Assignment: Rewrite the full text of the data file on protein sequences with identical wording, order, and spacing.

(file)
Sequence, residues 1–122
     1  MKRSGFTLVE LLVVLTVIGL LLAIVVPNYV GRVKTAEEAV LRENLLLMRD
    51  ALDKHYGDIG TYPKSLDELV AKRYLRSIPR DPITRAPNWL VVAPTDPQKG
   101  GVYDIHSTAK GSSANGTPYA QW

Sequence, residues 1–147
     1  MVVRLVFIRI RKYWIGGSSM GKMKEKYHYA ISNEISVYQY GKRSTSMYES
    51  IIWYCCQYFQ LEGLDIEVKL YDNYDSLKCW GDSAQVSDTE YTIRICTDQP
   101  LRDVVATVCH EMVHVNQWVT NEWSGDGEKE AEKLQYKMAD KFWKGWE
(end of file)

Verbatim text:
Sequence, residues 1–122
     1  MKRSGFTLVE LLVVLTVIGL LLAIVVPNYV GRVKTAEEAV LRENLLLMRD
    51  ALDKHYGDIG TYPKSLDELV AKRYLRSIPR DPITRAPNWL VVAPTDPQKG
   101  GVYDIHSTAK GSSANGTPYA QW

Sequence, residues 1–147
     1  MVVRLVFIRI RKYWIGGSSM GKMKEKYHYA ISNEISVYQY GKRSTSMYES
    51  IIWYCCQYFQ LEGLDIEVKL YDNYDSLKCW GDSAQVSDTE YTIRICTDQP
   101  LRDVVATVCH EMVHVNQWVT NEWSGDGEKE AEKLQYKMAD KFWKGWE